1. Which is pretty funny as most of the right wing in the US is pretty pro-police.

    3. Just to play devils advocate (I agree with your statement otherwise)

      The training these guys receive would scare the beejebus out of Rambo. And it gets reinforced over and over and over again.

      And every time an Officer is shot they break down exactly what happened to the second and evaluate what the Officer could have done differently.

      Of course, this all boils down to “shoot first and ask questions later”

      Or as my Dad the former NYPD officer says “Better to be tried by twelve than carried by six”

      1. I more or less agree with you. I guess my point is that they shouldn’t be trained like that.

        Also it seems like when they make the wrong choice they’re rarely held accountable for it. So they’re not often “tried by twelve”.

        1. To make sure they get the point, the shoot / don’t shoot simulators come with a tazer like electrical shock to simulate being hit by a bullet if they fail to shoot. If they shoot someone reaching for a cane, they don’t get punishment.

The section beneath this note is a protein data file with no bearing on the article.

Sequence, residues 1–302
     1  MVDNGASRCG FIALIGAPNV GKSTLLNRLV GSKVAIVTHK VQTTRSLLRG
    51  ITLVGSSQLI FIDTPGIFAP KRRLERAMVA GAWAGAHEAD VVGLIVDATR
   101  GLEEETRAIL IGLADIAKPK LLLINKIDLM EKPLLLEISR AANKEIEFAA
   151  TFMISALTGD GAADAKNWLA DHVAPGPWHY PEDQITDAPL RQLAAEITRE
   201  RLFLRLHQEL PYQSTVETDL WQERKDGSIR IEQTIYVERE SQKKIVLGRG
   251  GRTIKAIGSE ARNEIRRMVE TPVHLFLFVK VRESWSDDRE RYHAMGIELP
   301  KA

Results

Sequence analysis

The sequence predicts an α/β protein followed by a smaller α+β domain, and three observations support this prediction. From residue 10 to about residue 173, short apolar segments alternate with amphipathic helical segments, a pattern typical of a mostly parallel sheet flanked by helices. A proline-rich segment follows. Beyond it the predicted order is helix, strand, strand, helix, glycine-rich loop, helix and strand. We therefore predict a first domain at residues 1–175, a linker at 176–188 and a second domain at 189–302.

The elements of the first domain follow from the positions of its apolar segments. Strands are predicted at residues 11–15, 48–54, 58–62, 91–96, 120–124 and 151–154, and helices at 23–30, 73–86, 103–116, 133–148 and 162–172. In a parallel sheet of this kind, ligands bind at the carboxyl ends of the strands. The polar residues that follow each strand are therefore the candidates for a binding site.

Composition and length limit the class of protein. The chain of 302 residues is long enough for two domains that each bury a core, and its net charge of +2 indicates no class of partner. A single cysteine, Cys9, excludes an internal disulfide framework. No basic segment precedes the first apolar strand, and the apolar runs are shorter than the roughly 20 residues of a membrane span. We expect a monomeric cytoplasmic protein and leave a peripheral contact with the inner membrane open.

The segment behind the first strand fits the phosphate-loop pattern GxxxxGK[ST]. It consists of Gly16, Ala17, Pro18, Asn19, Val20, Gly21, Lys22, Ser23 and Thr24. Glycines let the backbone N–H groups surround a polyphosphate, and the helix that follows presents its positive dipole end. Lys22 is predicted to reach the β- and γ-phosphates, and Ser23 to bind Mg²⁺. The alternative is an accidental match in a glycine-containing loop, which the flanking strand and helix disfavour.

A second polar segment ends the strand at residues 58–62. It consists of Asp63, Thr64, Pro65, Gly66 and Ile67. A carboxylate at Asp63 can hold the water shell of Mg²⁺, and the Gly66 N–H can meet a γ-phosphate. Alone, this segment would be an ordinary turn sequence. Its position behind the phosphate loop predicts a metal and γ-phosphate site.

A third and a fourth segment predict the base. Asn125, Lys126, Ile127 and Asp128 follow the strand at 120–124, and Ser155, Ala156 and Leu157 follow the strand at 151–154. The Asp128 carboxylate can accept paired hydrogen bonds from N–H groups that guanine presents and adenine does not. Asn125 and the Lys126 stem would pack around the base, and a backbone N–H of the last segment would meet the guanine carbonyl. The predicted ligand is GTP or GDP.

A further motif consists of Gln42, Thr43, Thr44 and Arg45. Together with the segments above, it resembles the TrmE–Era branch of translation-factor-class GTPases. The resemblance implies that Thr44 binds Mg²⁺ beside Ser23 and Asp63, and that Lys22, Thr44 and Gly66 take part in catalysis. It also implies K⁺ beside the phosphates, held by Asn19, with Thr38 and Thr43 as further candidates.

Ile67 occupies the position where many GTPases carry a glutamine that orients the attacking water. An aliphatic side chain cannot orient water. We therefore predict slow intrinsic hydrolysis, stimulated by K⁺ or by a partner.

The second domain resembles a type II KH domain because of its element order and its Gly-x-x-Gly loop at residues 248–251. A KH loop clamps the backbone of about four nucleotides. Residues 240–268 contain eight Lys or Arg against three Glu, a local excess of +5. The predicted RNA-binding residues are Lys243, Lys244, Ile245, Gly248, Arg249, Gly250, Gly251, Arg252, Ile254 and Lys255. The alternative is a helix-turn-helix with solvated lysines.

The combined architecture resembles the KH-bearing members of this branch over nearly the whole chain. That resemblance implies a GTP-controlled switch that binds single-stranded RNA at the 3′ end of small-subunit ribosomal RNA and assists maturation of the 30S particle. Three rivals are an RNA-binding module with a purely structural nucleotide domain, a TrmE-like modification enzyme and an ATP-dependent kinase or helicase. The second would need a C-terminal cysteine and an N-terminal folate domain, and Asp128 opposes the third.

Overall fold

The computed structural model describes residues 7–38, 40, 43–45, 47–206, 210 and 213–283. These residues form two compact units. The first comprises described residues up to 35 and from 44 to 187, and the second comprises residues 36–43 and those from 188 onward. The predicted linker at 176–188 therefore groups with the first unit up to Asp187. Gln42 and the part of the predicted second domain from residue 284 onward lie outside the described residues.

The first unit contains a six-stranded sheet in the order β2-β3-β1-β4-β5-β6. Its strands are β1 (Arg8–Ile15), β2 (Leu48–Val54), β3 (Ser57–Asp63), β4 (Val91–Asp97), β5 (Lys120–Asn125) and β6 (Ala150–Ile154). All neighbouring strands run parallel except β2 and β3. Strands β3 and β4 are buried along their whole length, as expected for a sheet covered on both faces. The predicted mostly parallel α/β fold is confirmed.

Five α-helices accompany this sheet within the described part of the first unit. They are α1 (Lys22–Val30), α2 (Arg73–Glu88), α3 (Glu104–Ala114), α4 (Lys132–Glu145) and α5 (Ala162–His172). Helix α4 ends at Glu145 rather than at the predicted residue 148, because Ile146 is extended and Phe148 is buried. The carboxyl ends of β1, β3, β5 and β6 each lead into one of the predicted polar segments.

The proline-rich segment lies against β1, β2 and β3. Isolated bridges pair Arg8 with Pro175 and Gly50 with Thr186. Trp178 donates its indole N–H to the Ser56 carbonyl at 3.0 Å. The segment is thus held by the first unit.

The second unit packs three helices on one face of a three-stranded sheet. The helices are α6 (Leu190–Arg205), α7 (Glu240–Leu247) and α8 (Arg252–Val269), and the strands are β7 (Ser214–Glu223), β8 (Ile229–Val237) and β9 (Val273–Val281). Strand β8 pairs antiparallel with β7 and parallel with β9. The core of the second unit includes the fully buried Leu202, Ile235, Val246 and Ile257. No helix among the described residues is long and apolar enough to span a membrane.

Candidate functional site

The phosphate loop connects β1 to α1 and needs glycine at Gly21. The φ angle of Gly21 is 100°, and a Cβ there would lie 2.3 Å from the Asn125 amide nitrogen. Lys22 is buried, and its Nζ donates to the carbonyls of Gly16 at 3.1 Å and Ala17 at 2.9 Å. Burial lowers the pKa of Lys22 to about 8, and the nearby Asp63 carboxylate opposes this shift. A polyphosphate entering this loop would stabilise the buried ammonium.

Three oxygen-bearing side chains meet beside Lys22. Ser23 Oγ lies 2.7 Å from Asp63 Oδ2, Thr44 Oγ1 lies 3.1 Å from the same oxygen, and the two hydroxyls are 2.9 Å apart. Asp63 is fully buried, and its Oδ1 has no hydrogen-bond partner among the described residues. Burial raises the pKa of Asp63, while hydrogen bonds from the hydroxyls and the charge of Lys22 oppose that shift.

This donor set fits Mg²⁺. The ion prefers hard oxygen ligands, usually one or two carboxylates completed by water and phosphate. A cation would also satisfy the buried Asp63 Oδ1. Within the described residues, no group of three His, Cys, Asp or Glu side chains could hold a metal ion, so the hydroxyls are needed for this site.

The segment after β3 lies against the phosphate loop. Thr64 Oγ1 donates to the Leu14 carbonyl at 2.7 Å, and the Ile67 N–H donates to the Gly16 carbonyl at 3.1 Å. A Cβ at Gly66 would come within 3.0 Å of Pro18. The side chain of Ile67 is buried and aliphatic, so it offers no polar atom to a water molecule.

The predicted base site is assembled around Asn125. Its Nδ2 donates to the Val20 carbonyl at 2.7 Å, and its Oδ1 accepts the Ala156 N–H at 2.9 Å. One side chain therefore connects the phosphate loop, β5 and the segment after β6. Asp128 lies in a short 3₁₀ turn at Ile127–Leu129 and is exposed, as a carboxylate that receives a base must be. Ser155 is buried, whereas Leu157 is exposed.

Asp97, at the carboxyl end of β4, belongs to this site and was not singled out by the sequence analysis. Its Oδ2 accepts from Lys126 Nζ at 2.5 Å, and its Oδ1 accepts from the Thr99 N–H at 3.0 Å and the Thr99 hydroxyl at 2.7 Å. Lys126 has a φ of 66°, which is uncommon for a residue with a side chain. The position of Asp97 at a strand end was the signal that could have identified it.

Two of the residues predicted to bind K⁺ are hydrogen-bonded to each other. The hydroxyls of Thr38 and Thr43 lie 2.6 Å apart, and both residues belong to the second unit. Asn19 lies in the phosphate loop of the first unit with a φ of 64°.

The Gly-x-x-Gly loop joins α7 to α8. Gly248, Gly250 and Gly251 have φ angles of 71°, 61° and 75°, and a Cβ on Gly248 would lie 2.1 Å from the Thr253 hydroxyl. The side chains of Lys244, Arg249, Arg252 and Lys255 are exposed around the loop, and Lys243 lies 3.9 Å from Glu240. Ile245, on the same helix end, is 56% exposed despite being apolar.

20. Stupid asshole. At least the guy was remorseful.

    Apparently roughly 10 cops killed in traffic stops per year (excluding stops where they are clearly pursuing a known felon).

    Seems like they’re taking out way more than that in “civilians”.

  21. OK, hold it. I can easily imagine that a cane looks a lot like a shotgun when lying in the bed of a pickup. I’m fed up to my teeth with cops going all psycho on people, but IN THIS ONE CASE out of the scores I’ve read about in the past decade, I sympathize with the cop. Not the cops; the (you should pardon the expression) flat-footed defense of the shooting stinks of the “We are the elite, and if our job kills random bystanders that’s necessary” attitude I despise. But the individual cop, having been surrounded by the ‘just come home safe” crap the police are told to make their job sound dangerous and glamorous, seeing what he thinks is a shotgun and grabbing for his gun ? HIM I sympathize with.

    He is a victim of the Police mindset; it has made him a killer. From the sounds of his grief I would say that it hasn’t made him a thug.